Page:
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Daily Deviation
Daily Deviation
March 2, 2011
One of the biggest challenges for some game artists is figuring out how to model realistic hands for characters. Well, it's Game Art Week at deviantART, and that means help is here! Hand Modeling Tutorial 3dsmax by =Athey is a useful guide that will help you model hands like a pro.
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Athey's avatar

Hand Modeling Tutorial 3dsmax

Go here for the tutorial, or download the zip file

--->> [link] <<---
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D-RAG-ON's avatar
thank you *w*
Alelokk's avatar
Thank you very much!
SiberianRusky's avatar
Is there a possibility you could just link us to the 3ds file of the hand?
Whispyyr's avatar

I know its only been a year and a half or so, but I was just wondering if the edge flow still remains the same in the industry. I am also presuming this is game optimized, vs high poly? Mostly curious, this wireframe makes a lot more sense to me then what we were told to do in school.
Athey's avatar
Had a typo in there - "When it comes to having a high optimized STATIC mesh for use in-game, then quads ARN'T important at all." sorry :)
Whispyyr's avatar
Lol thats a very good clarification! If you look in my galley I posted a render with the wireframe we were instructed to follow, tho it does look quite a bit different. I am presuming it was for high poly.
Athey's avatar
Topology is fine either way. I was aiming for keeping the model's mesh all quads, while also reducing the number of edges I had going from the bottom of the hand to the arm. So I was reducing as I went.
Whispyyr's avatar
Alright cool. Thanks for the info. We were told to do the hand we had cause it is industry standard, (and all quads believe it or not) but it is pretty high poly. When I saw yours it made a heck of a lot more sense to me then what we were just told to do.
Athey's avatar
There are a lot of different situations in which different sort of edge flow and wireframe structure are appropriate.

When modeling something that you intend to stick into a program like zbrush, or even just apply smooth onto in maya or max, then it's important to maintain quads, over polycount efficiency. Keeping your polys 4-sided will help tremendously when it comes to adding additional subdivisions for sculpting and such.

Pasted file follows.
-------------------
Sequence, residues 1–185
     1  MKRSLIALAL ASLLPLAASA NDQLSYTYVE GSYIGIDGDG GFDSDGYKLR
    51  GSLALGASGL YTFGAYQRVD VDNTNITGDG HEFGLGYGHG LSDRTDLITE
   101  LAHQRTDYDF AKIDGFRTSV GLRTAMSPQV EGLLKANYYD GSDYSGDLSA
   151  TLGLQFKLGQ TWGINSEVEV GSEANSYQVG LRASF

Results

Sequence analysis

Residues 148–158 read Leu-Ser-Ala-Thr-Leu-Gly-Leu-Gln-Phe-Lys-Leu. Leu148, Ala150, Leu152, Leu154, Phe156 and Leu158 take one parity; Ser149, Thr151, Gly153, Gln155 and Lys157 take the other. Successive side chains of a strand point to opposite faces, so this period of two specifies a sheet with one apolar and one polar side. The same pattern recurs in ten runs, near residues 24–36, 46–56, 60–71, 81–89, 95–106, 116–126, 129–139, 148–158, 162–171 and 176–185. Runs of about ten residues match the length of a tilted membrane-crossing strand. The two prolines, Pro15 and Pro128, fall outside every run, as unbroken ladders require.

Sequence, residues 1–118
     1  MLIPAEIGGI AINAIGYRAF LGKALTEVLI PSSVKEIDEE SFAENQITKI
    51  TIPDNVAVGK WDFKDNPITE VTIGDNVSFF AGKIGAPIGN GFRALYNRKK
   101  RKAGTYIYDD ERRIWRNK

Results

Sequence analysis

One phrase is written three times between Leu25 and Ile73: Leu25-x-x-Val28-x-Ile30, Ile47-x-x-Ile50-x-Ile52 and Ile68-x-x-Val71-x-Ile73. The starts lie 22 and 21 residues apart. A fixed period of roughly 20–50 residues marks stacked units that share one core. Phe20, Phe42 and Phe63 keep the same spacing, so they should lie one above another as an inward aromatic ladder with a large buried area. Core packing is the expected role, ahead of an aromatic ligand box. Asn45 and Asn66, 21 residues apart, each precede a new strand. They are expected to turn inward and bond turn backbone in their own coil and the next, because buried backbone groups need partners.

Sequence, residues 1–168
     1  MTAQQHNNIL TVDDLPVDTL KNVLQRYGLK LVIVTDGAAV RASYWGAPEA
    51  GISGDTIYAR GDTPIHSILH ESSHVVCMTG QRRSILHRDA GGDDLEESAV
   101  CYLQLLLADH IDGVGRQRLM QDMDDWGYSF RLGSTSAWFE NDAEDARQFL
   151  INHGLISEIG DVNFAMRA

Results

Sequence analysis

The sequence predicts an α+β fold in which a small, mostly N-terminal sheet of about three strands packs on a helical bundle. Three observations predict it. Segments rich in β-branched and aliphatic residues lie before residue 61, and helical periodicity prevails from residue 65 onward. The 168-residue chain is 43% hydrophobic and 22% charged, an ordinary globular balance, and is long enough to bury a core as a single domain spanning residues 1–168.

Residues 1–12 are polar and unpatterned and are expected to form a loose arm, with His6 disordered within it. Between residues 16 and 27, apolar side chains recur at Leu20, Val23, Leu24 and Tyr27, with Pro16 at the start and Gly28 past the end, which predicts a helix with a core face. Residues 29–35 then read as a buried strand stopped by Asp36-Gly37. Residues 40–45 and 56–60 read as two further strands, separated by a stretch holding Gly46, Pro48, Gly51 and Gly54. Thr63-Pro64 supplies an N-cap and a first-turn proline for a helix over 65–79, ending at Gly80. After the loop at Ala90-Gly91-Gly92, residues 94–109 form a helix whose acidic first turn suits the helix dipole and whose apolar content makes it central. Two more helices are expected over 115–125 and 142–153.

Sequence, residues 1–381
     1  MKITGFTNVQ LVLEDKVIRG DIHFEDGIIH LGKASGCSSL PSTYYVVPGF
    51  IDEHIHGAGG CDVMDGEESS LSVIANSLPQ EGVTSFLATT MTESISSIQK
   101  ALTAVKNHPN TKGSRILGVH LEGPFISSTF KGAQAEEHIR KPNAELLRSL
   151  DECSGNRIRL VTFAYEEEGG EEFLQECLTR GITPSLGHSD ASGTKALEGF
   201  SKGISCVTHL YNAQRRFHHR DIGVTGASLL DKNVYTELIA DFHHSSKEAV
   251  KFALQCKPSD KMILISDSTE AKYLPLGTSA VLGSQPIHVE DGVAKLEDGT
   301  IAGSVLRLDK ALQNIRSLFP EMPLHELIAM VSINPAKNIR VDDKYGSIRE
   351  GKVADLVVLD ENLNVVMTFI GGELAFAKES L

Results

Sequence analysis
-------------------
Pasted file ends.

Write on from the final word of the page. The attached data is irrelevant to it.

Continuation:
When it comes to having a high optimized STATIC mesh for use in-game, then quads are important at all. In fact, it's common to have all sorts of triangles in those situations for the sake of keeping things as optimized as possible while maintaining the silhouette.

In the industry, it's common to model a base mesh, take it into zbrush, sculpt it to your hearts content, use decimation master to get it down to a polycount that other programs can actually stand to load, then pop it into max and use your highpoly sculpt as the surface for making your optimized in-game mesh using the the graphite freeform and modeling tools.

The only instance where the in-game model needs to be both optimized and maintaining a good edge flow is with things that have to deform, like characters - especially their faces. But still, once it's ingame, keeping all quads is less important that keeping the deformation flow nice, while keeping it optimized for framerate.
funkyalien's avatar
This'll be a lot of help when I eventually get back into practicing some character modelling :)
FantasyStock's avatar
:iconcongratsddplz: Congratulations on your well-earned DD! This deviation has been featured in the following article:
:star: March 2011 Resources DDs
Dualmask's avatar
This might be just the salvation my beginner model needs...
This method holds its uses, I like how this guide is so low detailed, yet holds enough detail so morphs can pull the polygons making the skin look like it was stretching in the right places.

My only issue I might see is that the hand could be a pain to animate, then again I come from the school of thought of trying to make the poly flow around, not with U shapes like this tutorial does... then again, we are using different programs, I lightwave, you 3D studio Max.

Give what I can see of your gallery, you do a lot of people, far better then myself... I also can not do texture maps well. I do... less organic objects mostly because of my lack of texture mapping skills.

Either way thanks for the very useful tutorial.
M3tr0idgrl's avatar
YES!!!!!!! Finally a tutorial for hands... that easy enough to do!
Jangili's avatar
Hi this is a fine tutorial like other comments av seen this is real useful. Thanks
Pedigri's avatar
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ItachisPurpleChakra's avatar
you have no idea how useful this is for me. Hands are really difficult for me (because I fail at being an artist, I've known that for ages) and this is really, REALLY helpful. Thanks :3
benzene66's avatar
This is very very helpful. Great job on the tutorial.
Silver-Solace's avatar
Daaaang if only this were around when I needed it xD; I've modeled a hand twice OTL
Lavypoo's avatar
awesome thank you so for sharing >A<
Altarior's avatar
I have a feeling this will come in handy for me very soon :la:
japanass's avatar
thx a lot for all the work!
no doubt this is very helpfull!
Facial-Tic's avatar
very easy to follow tutorial, explains every step well.
although i don't agree with the posing of the hand, the entire hand is stiff and stretched to the extremes. For rigging purposes, you should model a hand in a relaxed pose, it will make life much easier in the long run. It's the same reason I think you should model a character in an A-pose as opposed to the rigid T-pose.
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